# Uncertainty calculation through integration and correct analysis methodology

In the following text, uncertainty refers to standard deviation. My methodology and notation was based mainly on the book "A Student's Guide to Data and Error Analysis" by H.J.C. Berendsen."

## Summary:

I have a timeseries which I use in a few equations and get averages and uncertainties. I do that up to a point where I have to integrate the averages. So the question is, what happens to uncertainty when you integrate the averages? My problem might arise from a mistake in methodology so I would appreciate any feedback on the followed process as well.

## Details:

I am trying to calculate the uncertainty of a number that is computed as part of an analysis code. While I can compute the average number, I encounter some issues with the uncertainty for which I would appreciate any advice from more experienced analysts.

My methodology was:

1. From 30 simulations, I have obtained 30 timeseries files that each contain 100000 lines of a z-axis position-fluctuation of a molecule. Therefore I have 30 files files that each contains two vectors: t and z

2. For each position/file, I use the z timeseries to calculate  the variance of the timeseries $var(z)$ and the variance of the mean of the timeseries $var(\langle z \rangle)$. The latter is done with block averaging (b.a.). Both these methods have a textbook defined, relative standard deviation: $$var(z) \, [units] \pm \sqrt{\frac{2}{n-1}}$$ $$var(\langle z \rangle) \, [units] \pm \sigma_{<χ>}^2$$ where $\sigma_{<χ>}^2$ is the squared standard error ($\sigma_{<χ>}=\frac{\sigma}{\sqrt{n}}$) computed from b.a.  The above are used as input in a diffusion equation: $$D(z)=\frac{var(z)}{\big[ \frac{n \cdot var(\langle z \rangle) }{var(z)} -1 \big] \frac{dt}{2}}$$ where $n$ and $dt$ are constants. For this step, I also used two failed alternative methods that I explain in the end.

3. Then I used the above to calculate the average diffusion coefficient D for each of the 30 files. To find the uncertainty of each average, I combined the errors based on error propagation algebra where I considered (as a first approximation) the covariance $\sigma_{AB}$ as 0. In the end, I obtained a new "summary" file with 30 rows and 4 columns, containing the average position, average Diffusion, absolute uncertainty and relative uncertainty: $$z \,, D(z) \,, \pm \Delta D(z) \,, \pm \frac{\Delta D(z)}{ D(z) }$$

4. From the same simulation, I also obtain a similar "summary" file that contains 30 rows and 3 columns with the average position, Gibbs free-energy and its absolute uncertainty (standard deviation): $$z \,, \Delta G(z) \,, \pm \Delta \Delta G(z)$$

5. I then combined both summary files to compute a resistance profile with the equation: $$R(z) = \frac{\exp \big[ {\frac{\Delta G(z)}{k_BT}}\big] }{D(z)}$$ where $k_BT$ was a constant. To combine $\Delta G(z)$ and $D(z)$ I first I interpolated them in a common, dense z-grid. Therefore, I ended up with a file with 500 values of resistance together with the absolute and relative uncertainty: $$z \,, R( z ) \,, \pm \Delta R(z) \,, \pm \frac{\Delta R(z)}{ R(z) }$$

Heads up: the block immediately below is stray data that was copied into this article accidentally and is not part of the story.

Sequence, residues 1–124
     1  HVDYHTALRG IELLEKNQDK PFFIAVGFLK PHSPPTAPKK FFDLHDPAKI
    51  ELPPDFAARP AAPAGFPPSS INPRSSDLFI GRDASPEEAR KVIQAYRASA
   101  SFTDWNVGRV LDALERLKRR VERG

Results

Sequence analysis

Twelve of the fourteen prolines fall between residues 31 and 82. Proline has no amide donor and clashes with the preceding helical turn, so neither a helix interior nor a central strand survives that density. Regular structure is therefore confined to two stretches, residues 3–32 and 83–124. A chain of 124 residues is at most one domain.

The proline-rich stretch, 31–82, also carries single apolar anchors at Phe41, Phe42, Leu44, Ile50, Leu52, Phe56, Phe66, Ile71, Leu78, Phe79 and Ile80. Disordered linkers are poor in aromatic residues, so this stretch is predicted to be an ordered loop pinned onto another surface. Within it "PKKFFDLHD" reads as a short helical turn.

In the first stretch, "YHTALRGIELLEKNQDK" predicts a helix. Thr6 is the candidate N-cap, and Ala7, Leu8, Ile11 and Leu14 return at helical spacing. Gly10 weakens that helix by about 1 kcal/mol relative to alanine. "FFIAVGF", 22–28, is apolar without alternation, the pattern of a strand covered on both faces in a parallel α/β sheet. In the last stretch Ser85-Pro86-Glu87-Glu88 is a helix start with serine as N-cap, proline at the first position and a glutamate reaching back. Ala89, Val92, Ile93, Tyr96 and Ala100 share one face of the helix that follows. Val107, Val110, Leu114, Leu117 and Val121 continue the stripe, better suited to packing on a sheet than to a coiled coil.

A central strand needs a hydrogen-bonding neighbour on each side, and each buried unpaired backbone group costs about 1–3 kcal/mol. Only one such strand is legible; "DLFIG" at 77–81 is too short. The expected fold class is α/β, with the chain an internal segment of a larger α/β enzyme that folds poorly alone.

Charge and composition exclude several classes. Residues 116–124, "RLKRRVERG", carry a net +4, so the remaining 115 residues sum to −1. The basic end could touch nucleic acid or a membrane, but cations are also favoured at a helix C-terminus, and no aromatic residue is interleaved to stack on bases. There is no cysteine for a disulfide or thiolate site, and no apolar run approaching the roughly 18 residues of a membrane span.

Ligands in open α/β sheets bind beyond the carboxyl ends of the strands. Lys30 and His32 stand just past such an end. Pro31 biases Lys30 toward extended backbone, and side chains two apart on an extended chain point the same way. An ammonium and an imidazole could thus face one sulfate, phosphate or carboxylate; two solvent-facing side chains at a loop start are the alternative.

6. To get the final result which is permeation, I integrated these 500 values, according to the equation: $$P=\frac{1}{\int_{z_{min}}^{z_{max}}R(z)dz}$$ and I obtained the average P by performing a trapezoidal approximation over the 500 $R(z)$ values.

My question is, what happens to the uncertainty? How does it propagate through the integral?

Also, do you have a more appropriate alternative to my methodology? I am trying to find some guidelines on how to do a "correct" data analysis but the available information is either too theoretical or too vague. For example, would it make any difference in this case to perform fitting on the $D(z)$, $\Delta G(z)$ and $R(z)$ profiles, before integration? If yes, how would I calculate the uncertainty for each and for the $P$?

Thanks a lot for any help or advice! :D

In step 2, I tried 2 more things:

1. instead of calculating the uncertainties of $var(z)$ and $var(\langle z \rangle)$ from the textbook, I used bootstrapping to create 100 new timeseries of z, for each position/file. And then calculated 100 different diffusions which I used to calculate the average and s.d. The method was returning the same statistics for the timeseries (which was expected) but the final Diffusion was extremely oscillatory (was even negative), therefore I dropped the method.

2. I tried to use block averaging for the calculation of D, but Python was refusing to do recursive block averaging (I might had a bug in my code as well). Anyway, I quickly abandoned the idea as well.

I found an answer to my question which in my opinion is correct (or at least has a point). Nevertheless it would be nice to have a validation from someone that might know more on the topic.

Since the average is calculated with a trapezoidal (which in reality is a summation) then the standard deviation can also be calculated by uncertainty propagation algebra for addition.

Based on Wikipedia for trapezoidal rule: $$\int_c^d f(x) dx \approx (d-c) \left[ \frac{f(c)+f(d)}{2} \right] = \left( \frac{d-c}{2} \right) f(c) + \left( \frac{d-c}{2} \right) f(d)$$

which will follow the 2nd uncertainty propagation rule from Wikipedia: $$f=aA+bB$$

with:

• $a = b = \frac{d-c}{2}$
• $A = f(c)$
• $B = f(d)$

In terms of Python3 code that translates to:

import numpy as np

# FUNCTIONS
f =  (a * A) + (b * B)
sigmaf = np.sqrt( (a * sigmaA)**2 \
+ (b * sigmaB)**2 \
+ (2 * a * b * sigmaAB) )
return f, sigmaf

# MAIN
# Data: is an nx2 array that contains n number of f values
#           and their absolute standard deviation
# x:    is the independent variable of the f values
# Obviously x and f should have the same number of rows

integralAve=0.
integralStD=0.
for i in range(1,len(data[:,0])):